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How to Create a Productive and Empowering Culture

How do you create a positive business culture where all those associated view your business feel a stewardship responsibility for its success and/or its failures? To navigate this subject, let’s first focus on what generally gets in the way.

The most influential issue that impacts a business’ culture is the owner’s style of management. The owner has the most influence on the organization and therefore sets the tone for what is acceptable and a “norm” amongst their employees, vendors, and customers.

If the owner micromanages or in other ways inhibits members of the organization from offering suggestions or creating opportunities, this type of behavior will become the root of the culture. To preclude this type of behavior, ownership mentality should be an attitude of inclusion. This attitude conveys to the stakeholders that they are valued, necessary, and that great ideas can come from anyone. An attitude of inclusion, acceptance and collaboration must begin with the owner, and then also perpetuated and encouraged by example, otherwise stakeholders will see through it as just empty slogans.

From my personal experience, I have had the pleasure to work with a business owner who communicates to new members of his team that by their involvement the “pie” of opportunity has grown rather than the pieces of the current pie becoming smaller. If this type of behavior is not a natural leadership style, become aware of your shortfalls through completing a Leadership Assessment. This assessment will identify areas of improvement and allow you to take the next steps to become more adept in this style of management.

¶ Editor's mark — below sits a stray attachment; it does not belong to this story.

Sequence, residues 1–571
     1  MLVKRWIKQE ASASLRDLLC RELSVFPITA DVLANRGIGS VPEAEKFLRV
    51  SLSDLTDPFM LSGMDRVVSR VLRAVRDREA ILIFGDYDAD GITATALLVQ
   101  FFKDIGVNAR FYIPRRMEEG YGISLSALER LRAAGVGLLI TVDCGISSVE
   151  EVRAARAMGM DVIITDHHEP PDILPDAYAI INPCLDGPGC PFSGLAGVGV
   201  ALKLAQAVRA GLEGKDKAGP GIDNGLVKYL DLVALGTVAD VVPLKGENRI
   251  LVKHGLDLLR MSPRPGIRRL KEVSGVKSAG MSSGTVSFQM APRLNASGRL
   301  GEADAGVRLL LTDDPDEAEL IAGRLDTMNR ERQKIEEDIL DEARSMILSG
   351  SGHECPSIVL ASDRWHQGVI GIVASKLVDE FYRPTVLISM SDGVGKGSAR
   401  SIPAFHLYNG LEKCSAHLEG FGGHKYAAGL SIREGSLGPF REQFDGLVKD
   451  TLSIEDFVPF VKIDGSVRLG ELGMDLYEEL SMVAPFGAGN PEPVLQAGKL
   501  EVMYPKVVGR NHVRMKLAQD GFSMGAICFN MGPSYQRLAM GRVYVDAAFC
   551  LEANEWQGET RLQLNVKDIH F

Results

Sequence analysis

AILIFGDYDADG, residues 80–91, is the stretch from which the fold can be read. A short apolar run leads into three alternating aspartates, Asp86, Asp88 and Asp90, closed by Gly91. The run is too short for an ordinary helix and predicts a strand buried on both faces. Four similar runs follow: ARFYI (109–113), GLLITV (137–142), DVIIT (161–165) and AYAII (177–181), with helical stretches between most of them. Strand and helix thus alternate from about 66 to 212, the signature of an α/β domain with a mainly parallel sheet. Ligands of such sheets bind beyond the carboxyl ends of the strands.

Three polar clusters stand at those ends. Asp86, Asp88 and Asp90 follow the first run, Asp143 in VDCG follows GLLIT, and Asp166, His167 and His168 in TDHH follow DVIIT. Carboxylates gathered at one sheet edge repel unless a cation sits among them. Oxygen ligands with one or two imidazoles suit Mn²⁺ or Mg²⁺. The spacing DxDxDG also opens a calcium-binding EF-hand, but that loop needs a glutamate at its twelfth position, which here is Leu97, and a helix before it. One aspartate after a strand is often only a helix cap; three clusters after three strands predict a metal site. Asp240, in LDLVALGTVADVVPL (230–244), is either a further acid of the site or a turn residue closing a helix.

What are some key development steps to enhance leadership style?

  • Complete a Leadership Assessment that will identify your natural style of leading and areas of improvement.
  • Seek out an accountability partner whom you trust to provide coaching in the areas that need enhancement.
  • Identify specific goals or areas that you and your accountability partner can review to measure progress.
  • Perpetuate this attitude throughout your leadership team by having them complete the steps above.

Employees who are used to being told what to do and simply do their job, become critics of leadership, versus empowered and proactive members of your team. An environment of inclusion will develop loyal employees communicating to the community that your business is a good business to deal with. The attitude of valuing all the stakeholders is contagious, but is easily broken. Don’t forget that “one bad apple can spoil the whole bunch.” Once this productive empowering attitude is established, guard against anything that could herald a return to everyone looking out for themselves and watching their backs.


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